The Interview: Sue Fox

Written by: Eila Madden Posted: 13/05/2019

BL62_SueFoxIn the latest chapter of an impressive 30-year career at HSBC, Sue Fox has joined the bank’s Channel Islands and Isle of Man operation as CEO. She comes armed with an agenda of growth, great service and inclusion

What’s your background and how did you get to where you are now?

It’s probably not the typical CEO story. I was born and raised in Liverpool. I’m an only child. I’m from a working-class family. I’m state school educated. From around the age of 12, due to my father’s occupation – he became a pub landlord – we moved around a few times, so I went through a number of different senior schools. My parents instilled a really good work ethic in me and a belief that I could be anything I wanted to be. 

So, despite that background, which is not maybe typical for people in my position, I still had a very strong degree of confidence that I could succeed.

I actually left school at 18 with A levels. I had a place secured at Sheffield University and my intention was to have a year off. I wrote to five local high-street banks, asking for a job. It was meant to tide me over until I went off to do my further education. The local Midland Bank branch manager was recruiting at the time, so I interviewed in the branch and 31 and a half years later, I’m still here. 

My reason for staying in banking was very much around the passion I felt for being able to serve customers. The past 30 years have been varied, challenging and exciting, with the benefit of working for the same group. 

Once I was established in the firm, I got on to a management training programme, which supported me through doing my banking exams. I also got a first-class degree in banking and finance. 

Tell us more about your roles at HSBC over the past three decades.

I’ve worked in frontline and head office roles in most major cities in the UK and New York. I spent time in London in the late 1990s/early 2000s working in service quality. That very much shaped my priorities for driving the right culture and doing the right thing for our customers.

In my early 40s, I was the Global Head of Physical Distribution with responsibility for the branch and self-service network globally. I was travelling a lot, visiting two or three countries a week. It was a fantastic experience to help shape and influence all of our markets globally. 

While in that role, I was 43 going on 44, and I was having a baby. It was my first child, so this was very exciting, but a little bit unexpected. 

While I was on maternity leave, I was approached from within the group about the CEO role that was coming up in M&S Bank, which is a wholly-owned subsidiary of HSBC. That brought me full circle because the headquarters for M&S Bank are in Chester.

I’d lived away from the north west for 20 years or so and this brought me back into an infrastructure with family and friends that I hadn’t benefited from for a number of years. It was also a really excellent and unique opportunity within the group to be a CEO of a challenger bank.

I did that for five years and it was a great experience. But as a career banker with HSBC, the real aspiration is to be a country CEO and to run a market. There had been approaches for different places, but when I was approached to consider the Channel Islands and Isle of Man, it was the dream job that came at a great time for me and my family as well.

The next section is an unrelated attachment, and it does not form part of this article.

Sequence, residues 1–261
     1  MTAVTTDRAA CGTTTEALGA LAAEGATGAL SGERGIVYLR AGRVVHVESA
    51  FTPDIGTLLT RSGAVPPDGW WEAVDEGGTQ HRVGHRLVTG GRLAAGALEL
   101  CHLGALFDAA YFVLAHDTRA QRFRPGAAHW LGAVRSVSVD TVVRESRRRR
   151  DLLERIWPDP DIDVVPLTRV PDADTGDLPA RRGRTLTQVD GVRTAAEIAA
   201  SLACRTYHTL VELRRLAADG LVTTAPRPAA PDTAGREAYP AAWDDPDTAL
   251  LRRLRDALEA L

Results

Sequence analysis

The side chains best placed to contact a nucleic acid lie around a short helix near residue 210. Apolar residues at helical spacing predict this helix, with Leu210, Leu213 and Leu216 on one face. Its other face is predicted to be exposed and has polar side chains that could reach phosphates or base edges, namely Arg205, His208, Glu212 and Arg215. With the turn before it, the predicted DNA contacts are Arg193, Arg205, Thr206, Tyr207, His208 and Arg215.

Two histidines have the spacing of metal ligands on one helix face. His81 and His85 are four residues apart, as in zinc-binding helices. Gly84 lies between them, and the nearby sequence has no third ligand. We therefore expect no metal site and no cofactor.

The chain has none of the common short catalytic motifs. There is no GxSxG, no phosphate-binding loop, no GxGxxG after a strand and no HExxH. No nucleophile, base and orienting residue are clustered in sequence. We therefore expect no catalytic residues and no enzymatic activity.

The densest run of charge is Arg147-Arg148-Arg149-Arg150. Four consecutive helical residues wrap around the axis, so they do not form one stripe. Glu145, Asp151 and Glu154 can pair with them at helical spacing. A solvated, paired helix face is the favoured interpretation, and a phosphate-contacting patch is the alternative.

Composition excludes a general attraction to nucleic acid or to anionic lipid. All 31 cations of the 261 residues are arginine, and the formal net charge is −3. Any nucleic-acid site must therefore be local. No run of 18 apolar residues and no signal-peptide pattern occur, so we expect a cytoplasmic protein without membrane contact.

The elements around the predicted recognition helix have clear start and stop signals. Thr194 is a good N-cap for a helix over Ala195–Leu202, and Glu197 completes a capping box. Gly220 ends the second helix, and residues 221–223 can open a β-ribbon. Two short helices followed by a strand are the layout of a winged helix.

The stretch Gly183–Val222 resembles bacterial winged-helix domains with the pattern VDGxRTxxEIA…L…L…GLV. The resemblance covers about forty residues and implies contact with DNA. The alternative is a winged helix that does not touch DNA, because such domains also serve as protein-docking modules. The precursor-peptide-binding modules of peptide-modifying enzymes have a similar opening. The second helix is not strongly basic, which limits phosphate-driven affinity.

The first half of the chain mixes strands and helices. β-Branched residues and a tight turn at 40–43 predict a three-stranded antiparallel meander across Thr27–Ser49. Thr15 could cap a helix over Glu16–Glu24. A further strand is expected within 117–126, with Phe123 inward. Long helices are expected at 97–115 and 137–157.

It’s a fantastic market that gives me the opportunity to lead across all of our different business lines, and you have the added complexities of the multi-jurisdictional aspects that this business brings. So it’s a very exciting opportunity that will really stretch and challenge me. 

I’ve spent time here on a personal basis as well. Being part of island life and being able to feel that I could be a force for good in this community was also something that attracted me to the role.

What took you to the islands in the past?

My partner Paul was actually living in Jersey when we met and, when we had our son, he was still here, so there was lots of commuting backwards and forwards. I spent a large part of my maternity leave here in Jersey and became very familiar with the island. 

My young son Samuel, who’s just six, was here over Easter and we were talking about how he’d been here before and he’d already been to the zoo when he was a baby. It was that personal connection and personal familiarity with the island that was also a draw for me.

You’ve been in post for around three months now. How would you assess what is and isn’t working well within the operation?

We’re performing strongly overall across all of our lines of business, which really gives me confidence for the future and tells me that our strategy is working and it’s the right one, and we’re doing the right things in terms of our offerings for customers.

The strategy we have here is to invest in and grow the business and a lot of that investment is around ensuring we have tailored products and propositions for all our clients and that they’re delivered in the most streamlined way. 

With that in mind, it can on occasion be quite difficult to do business with us – for example, how we open accounts for customers. We are investing in technology to make it simpler, better and faster for our customers and our people.

How do you intend to build on the strategy you’ve inherited from your predecessor?

I want to ensure that we stay focused on what our customers want. Connectivity with customers is absolutely critical for me. Customer needs are dynamic, so a strategy that was put in place two years ago wouldn’t always remain relevant to what our customers want today. 

So, the strategic direction is the right one, but the focus I want to bring to it is how we remain connected to our customers’ evolving wants and needs. 

I also want to create a culture and environment where people feel empowered and trusted and able to bring the best to our customers, and ensure we deliver against our strategic goals 

BL62_SueFox2In terms of delivering what your customers want, is there anything specific that you’d like to focus on?